After 17 years of marriage and three kids, everything seems meaningless because of so many problems between us.
Mainly, my wife has a sick habit of thinking I'm cheating on her, though I've been faithful all these years.
I continue living with her only because of our kids, but I'm convinced that this relationship is going nowhere if she doesn't get help.
She doesn't accept that she has this destructive habit even though I've already left a couple of times, but I always returned because of my kids. She gets worse when she's having her monthly period.
What's better for the children: Living with both of us fighting and insulting each other, or living without this trouble, only with their mother?
- One Foot Out
Let me turn it around: What's better for your children - leaving them with a mother who regularly becomes suspicious and difficult, or helping their mother learn to understand her own moods, before making a decision about the marriage?
I understand your frustration, but it doesn't negate your continued responsibility to try to ease things, at least for your children's sake.
Approach your wife in between her periods and try to talk to her about getting more informed on a potential condition of Premenstrual Syndrome (PMS) or, Premenstrual Dysphoric Disorder (PMDD).
Your wife cannot be any happier than you are, with the current turbulent situation. If you show some compassion and caring for her to find help for what's driving her anxieties, it may not save your marriage, but it will surely improve your future contacts with each other and effects on the children.
• The symptoms of PMS can range from general moodiness to severe bloating and cramping. But some women experience a more severe form, related to PMDD, which can be very disruptive if left untreated.
Your wife should be discussing this possibility with her physician, for her own comfort and emotional health. (Do not deliver this information as something she must do for you or your relationship, but rather for herself).
While the signs of PMS include irritability and mood swings, PMDD symptoms are far more severe. They can include: a very depressed mood, feelings of hopelessness, anxiety, tension, mood shifts, persistent anger or increased interpersonal conflicts. These symptoms are present in the majority of months, and may be worse some months.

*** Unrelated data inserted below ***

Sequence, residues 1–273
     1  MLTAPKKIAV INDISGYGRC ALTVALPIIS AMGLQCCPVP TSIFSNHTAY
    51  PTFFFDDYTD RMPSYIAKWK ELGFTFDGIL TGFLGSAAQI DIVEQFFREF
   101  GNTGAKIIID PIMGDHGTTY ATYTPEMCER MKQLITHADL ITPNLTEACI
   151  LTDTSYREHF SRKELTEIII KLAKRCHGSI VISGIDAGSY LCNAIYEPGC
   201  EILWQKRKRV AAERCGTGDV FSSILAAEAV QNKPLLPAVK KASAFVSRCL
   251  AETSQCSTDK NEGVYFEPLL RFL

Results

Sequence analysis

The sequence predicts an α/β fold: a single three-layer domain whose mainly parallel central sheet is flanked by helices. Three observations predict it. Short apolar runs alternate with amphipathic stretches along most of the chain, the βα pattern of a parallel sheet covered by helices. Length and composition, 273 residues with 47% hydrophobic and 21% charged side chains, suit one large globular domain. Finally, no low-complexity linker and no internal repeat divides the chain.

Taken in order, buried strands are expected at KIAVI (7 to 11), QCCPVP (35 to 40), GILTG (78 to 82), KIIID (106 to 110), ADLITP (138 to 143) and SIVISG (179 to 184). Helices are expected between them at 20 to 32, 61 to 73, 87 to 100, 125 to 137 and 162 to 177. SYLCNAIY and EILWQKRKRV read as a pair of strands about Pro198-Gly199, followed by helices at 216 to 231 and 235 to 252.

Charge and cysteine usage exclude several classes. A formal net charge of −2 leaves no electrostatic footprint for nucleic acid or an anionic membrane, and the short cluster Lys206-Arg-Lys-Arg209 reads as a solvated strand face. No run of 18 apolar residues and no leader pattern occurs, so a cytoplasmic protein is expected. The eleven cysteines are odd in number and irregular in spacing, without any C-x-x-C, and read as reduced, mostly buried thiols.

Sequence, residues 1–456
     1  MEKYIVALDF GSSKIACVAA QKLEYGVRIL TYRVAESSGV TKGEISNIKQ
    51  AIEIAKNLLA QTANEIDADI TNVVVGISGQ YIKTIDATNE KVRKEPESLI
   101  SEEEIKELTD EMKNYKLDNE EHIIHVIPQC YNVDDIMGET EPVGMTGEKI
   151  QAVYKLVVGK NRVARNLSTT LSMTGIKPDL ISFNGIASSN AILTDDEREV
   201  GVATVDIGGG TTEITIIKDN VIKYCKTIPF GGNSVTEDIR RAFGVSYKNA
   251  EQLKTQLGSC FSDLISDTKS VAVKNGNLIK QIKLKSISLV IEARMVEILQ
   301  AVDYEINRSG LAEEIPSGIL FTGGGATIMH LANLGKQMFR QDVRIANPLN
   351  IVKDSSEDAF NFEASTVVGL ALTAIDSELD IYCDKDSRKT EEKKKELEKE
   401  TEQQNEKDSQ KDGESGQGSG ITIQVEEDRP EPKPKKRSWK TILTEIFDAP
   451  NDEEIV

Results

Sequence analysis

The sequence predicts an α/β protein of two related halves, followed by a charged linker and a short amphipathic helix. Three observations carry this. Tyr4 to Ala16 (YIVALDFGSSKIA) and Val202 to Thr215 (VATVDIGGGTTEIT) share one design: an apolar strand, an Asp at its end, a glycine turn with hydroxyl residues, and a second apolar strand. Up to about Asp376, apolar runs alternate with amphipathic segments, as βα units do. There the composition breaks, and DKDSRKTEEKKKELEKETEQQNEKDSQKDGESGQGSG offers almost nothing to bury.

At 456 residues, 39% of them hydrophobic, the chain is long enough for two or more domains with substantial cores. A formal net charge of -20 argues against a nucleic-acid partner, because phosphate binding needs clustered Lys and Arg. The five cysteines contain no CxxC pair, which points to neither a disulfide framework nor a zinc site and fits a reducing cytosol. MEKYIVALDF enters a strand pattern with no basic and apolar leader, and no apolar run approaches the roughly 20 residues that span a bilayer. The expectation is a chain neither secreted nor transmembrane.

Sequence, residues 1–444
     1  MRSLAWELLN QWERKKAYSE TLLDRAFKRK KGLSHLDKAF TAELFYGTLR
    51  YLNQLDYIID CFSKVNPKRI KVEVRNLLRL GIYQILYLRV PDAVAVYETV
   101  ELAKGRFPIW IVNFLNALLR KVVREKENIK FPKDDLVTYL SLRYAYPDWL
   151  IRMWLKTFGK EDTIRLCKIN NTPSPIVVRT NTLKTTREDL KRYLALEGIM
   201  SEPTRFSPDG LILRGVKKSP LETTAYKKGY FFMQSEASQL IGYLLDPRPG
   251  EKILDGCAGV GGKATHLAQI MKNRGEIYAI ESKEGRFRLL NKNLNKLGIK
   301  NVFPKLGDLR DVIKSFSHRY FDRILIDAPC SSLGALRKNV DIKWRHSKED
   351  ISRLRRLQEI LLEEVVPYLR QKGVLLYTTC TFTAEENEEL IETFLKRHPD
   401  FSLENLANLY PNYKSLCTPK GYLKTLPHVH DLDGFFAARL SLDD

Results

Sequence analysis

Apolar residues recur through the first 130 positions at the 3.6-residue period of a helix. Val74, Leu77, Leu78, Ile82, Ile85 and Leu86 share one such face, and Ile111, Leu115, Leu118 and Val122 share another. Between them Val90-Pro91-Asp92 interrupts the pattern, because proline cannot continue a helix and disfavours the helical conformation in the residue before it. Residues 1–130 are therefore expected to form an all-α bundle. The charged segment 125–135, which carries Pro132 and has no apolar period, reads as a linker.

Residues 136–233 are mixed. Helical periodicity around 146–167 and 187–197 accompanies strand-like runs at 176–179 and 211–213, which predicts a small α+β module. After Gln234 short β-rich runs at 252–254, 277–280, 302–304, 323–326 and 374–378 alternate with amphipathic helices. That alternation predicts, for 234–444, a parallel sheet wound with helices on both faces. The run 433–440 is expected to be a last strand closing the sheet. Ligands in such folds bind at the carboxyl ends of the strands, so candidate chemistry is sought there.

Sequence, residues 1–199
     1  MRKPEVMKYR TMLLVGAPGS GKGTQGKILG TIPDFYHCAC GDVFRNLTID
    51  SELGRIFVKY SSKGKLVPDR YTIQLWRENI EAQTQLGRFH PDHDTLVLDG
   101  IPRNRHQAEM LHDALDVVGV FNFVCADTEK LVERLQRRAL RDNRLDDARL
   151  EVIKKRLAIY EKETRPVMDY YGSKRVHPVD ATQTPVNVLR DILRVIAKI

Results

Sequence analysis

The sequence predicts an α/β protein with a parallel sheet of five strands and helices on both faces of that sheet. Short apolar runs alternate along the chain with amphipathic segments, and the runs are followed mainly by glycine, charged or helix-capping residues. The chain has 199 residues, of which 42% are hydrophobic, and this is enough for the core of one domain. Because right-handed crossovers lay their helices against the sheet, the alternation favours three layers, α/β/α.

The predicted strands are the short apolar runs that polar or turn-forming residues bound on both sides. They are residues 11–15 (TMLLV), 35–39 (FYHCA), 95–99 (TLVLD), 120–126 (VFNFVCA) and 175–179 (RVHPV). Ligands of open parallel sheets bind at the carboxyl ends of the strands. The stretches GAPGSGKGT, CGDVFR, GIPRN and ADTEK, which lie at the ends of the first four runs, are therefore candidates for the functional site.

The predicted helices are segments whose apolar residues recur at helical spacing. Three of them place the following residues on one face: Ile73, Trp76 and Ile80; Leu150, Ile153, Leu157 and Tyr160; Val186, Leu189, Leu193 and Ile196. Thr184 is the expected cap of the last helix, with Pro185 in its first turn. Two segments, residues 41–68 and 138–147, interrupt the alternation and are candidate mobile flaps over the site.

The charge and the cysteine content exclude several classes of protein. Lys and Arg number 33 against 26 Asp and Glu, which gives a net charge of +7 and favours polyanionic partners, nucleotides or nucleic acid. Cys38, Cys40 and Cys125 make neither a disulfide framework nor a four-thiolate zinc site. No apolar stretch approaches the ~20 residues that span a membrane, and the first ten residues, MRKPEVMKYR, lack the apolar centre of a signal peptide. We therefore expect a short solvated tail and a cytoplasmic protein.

There are treatment options for PMDD, including stress reduction, undergoing therapy with a cognitive behaviour specialist, some medications, dietary changes and/or exercise.
I'm a very anxious, self-conscious 17-year-old girl who feels awkward in certain social situations, although I'm not exactly shy. I also suffer from low self-esteem. People have told me that I'm not very perceptive, that I'm immature for my age; even teachers have said they find me "weird" or abnormal. I've had an extremely difficult childhood, which may be still causing these problems. These issues are having a negative impact on my life and possibly hindering my development towards adulthood, including relationships and dating. How can I conquer these issues and move forward with my life?
- Lagging Behind
Be assured that any teacher who labelled you weird or abnormal was ignorant, lazy and unfit to teach. What matters is how you feel about yourself and what you're prepared to do to help yourself in areas you feel are holding you back.
Yes, your tough childhood surely played its negative part; but the fact you recognize this, is the first step on a path to putting it behind you.
I urge you to seek individual counselling with the goal of building your self-esteem. Your school guidance counsellor should be able to refer you to recommended psychologists or therapists; or a local community agency can refer you for counselling.
At 17, it's very important to start feeling good about yourself before venturing into the dating world and relationships. Understand that many people your age are also shy and anxious about forming such close connections; you are not alone in this.
But before you enter those situations where you need to use judgment about whom to trust, you need to work on your self-confidence, with professional help.
Once you believe that you are unique, special and worthy of honest, decent friendships and relationships, you'll have risen above those past experiences which were not your fault. And you'll be able to take charge of your future relationships with others.
Tip of the day:
Rather than leave children with a troubled parent, the other parent should first try everything possible to improve the home atmosphere.